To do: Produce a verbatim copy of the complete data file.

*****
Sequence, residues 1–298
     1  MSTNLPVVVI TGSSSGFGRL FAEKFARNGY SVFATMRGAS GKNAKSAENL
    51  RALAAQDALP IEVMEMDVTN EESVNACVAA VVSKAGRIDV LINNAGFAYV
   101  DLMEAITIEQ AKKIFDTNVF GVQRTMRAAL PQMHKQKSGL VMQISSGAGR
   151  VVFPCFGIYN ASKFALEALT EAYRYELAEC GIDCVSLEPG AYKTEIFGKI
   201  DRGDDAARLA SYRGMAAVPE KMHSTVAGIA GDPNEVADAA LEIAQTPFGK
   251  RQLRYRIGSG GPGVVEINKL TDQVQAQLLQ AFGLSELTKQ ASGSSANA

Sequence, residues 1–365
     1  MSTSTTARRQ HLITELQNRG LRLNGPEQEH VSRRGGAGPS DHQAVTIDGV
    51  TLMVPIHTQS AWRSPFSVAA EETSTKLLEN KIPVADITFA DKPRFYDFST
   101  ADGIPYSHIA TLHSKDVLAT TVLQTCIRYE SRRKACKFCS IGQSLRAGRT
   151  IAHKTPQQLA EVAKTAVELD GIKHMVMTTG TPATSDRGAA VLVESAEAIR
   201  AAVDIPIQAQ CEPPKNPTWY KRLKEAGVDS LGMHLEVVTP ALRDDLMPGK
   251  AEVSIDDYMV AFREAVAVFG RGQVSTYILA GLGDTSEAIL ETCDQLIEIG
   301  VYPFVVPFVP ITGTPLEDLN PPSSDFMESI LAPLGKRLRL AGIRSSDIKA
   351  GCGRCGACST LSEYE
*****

Sequence, residues 1–298
     1  MSTNLPVVVI TGSSSGFGRL FAEKFARNGY SVFATMRGAS GKNAKSAENL
    51  RALAAQDALP IEVMEMDVTN EESVNACVAA VVSKAGRIDV LINNAGFAYV
   101  DLMEAITIEQ AKKIFDTNVF GVQRTMRAAL PQMHKQKSGL VMQISSGAGR
   151  VVFPCFGIYN ASKFALEALT EAYRYELAEC GIDCVSLEPG AYKTEIFGKI
   201  DRGDDAARLA SYRGMAAVPE KMHSTVAGIA GDPNEVADAA LEIAQTPFGK
   251  RQLRYRIGSG GPGVVEINKL TDQVQAQLLQ AFGLSELTKQ ASGSSANA

Sequence, residues 1–365
     1  MSTSTTARRQ HLITELQNRG LRLNGPEQEH VSRRGGAGPS DHQAVTIDGV
    51  TLMVPIHTQS AWRSPFSVAA EETSTKLLEN KIPVADITFA DKPRFYDFST
   101  ADGIPYSHIA TLHSKDVLAT TVLQTCIRYE SRRKACKFCS IGQSLRAGRT
   151  IAHKTPQQLA EVAKTAVELD GIKHMVMTTG TPATSDRGAA VLVESAEAIR
   201  AAVDIPIQAQ CEPPKNPTWY KRLKEAGVDS LGMHLEVVTP ALRDDLMPGK
   251  AEVSIDDYMV AFREAVAVFG RGQVSTYILA GLGDTSEAIL ETCDQLIEIG
   301  VYPFVVPFVP ITGTPLEDLN PPSSDFMESI LAPLGKRLRL AGIRSSDIKA
   351  GCGRCGACST LSEYE